I'm having a hard time understanding why all these buildings in Wellington have to be demolished. It would be good to see some pictures of the actual damage and what was so bad about it.

 

 

 

 

I find it hard to believe how a couple of engineers can decide these things so quickly without removing linings etc....

 

It will be good for the local economy to see a lot of new building action.


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  Reply # 1678495 27-Nov-2016 20:43
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Fred99:

 

I find this quite scary:

 

 

At the South, there have been major fault ruptures, perhaps a bit unusual (Chch and particularly the recent M7.8 event - unusual in that both involved multiple fault ruptures) as well as relatively major events to the North and to the West (Wairarapa).  But there's nothing moving much at all in the centre of that zone, right under the Wairarapa, and it's a sharp transition between the slow slip quake and the slow movement under the S Wairarapa.

 

But they haven't been monitoring these "slow quakes" for long, they probably know that what's going on is bringing forward the inevitable, but does "bringing forward" mean that it's likely to happen in the next year or two instead of the next 100 years, or happen in the next 100 or 500 years instead of the next 10,000 years?  I think the answer is that they don't know.  Even forgetting a megathrust event to the E and the 1855 event, there have been at least 3 >M7 events in that area, 1934, and 1942 (x2).  The 1855 event was preceded by a M7.4- M7.7 event of the Awatere fault in 1849.  Plot 150 years of quakes, and there was a tendency for major events to happen in the SI, then be followed by major events in the NI.  That could also be 100% coincidence.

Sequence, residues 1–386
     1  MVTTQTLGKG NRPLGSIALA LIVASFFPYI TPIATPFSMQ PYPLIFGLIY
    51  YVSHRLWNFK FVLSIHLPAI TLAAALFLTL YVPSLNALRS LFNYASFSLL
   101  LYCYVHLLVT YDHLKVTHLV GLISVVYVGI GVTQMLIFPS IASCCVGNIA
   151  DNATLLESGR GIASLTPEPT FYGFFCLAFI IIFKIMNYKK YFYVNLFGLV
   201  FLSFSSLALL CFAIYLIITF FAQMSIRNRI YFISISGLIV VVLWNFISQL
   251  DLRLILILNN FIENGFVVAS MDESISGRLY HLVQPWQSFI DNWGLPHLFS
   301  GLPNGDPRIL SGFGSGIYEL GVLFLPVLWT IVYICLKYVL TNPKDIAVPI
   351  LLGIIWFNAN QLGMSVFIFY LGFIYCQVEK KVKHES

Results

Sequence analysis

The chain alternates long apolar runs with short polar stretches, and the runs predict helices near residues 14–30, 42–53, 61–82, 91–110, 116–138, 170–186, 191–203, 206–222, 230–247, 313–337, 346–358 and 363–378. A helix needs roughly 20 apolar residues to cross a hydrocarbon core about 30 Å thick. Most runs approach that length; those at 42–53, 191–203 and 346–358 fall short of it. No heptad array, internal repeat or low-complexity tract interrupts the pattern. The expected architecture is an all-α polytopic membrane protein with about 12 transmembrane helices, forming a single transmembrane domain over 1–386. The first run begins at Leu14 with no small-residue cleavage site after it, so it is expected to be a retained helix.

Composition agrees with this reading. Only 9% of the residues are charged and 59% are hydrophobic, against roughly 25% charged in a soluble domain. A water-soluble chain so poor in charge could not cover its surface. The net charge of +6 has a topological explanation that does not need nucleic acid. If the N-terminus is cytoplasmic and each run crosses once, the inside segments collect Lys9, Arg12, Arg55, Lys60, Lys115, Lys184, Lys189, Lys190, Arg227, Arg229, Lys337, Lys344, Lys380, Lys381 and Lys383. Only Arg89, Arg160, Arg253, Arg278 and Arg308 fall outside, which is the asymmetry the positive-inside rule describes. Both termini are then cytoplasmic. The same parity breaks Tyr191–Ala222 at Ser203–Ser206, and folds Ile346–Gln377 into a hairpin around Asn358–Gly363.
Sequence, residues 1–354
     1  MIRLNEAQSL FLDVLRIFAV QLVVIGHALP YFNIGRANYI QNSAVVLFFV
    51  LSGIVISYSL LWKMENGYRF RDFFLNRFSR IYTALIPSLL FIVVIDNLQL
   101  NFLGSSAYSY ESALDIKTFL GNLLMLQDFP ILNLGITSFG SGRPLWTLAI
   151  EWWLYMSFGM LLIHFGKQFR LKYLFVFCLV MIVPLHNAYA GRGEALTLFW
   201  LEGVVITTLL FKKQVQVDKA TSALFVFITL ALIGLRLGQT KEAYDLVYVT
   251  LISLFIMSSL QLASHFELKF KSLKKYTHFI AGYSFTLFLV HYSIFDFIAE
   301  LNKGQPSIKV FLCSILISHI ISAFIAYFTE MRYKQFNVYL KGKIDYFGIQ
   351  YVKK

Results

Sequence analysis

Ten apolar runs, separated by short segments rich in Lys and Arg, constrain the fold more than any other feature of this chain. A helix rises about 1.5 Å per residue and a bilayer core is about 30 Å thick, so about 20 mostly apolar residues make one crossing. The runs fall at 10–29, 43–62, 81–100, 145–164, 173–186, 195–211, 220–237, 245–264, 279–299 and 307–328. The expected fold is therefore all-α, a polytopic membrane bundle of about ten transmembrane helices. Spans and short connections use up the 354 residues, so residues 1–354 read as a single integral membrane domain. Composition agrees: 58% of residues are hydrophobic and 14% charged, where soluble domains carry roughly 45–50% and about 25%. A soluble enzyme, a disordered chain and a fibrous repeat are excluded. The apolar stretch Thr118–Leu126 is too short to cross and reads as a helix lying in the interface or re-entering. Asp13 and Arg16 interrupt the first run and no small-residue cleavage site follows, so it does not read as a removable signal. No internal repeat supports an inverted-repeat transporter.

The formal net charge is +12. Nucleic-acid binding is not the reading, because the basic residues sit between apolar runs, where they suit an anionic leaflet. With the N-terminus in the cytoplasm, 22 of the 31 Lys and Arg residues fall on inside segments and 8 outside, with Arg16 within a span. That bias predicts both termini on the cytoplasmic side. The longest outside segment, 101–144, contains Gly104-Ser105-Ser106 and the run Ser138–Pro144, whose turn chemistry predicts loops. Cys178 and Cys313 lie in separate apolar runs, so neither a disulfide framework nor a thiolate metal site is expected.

The arrows in the chart are relative direction of movement of the Aus plate over the subducting Pacific plate.  If this is representative of longer term movement (ie - it's been going on a long time), then something just has to give - sometime.

 

 

The key is they don't know. What NZ has experienced,  ChCh and Seddon and now Waiau, is less than a blink of an eye in tectonics and EQ. All this may well be a one in 10,000 year occurrence. Alpine Fault is every 300 years on average, but they just don't know. We have landed on the moon, and Mars, and sent explorers to comets, asteroids, Jupiter, Pluto and beyond, but we know less about EQ and the depths of our oceans


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  Reply # 1678533 27-Nov-2016 21:52
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Pumpedd:

 

DarthKermit:

 

I'm having a hard time understanding why all these buildings in Wellington have to be demolished. It would be good to see some pictures of the actual damage and what was so bad about it.

 

 

 I find it hard to believe how a couple of engineers can decide these things so quickly without removing linings etc....

 

It will be good for the local economy to see a lot of new building action.

 

 

I suspect if you think of it like car insurance, there's a point at which it's cheaper just to start from scratch than to try to fix something structurally damaged.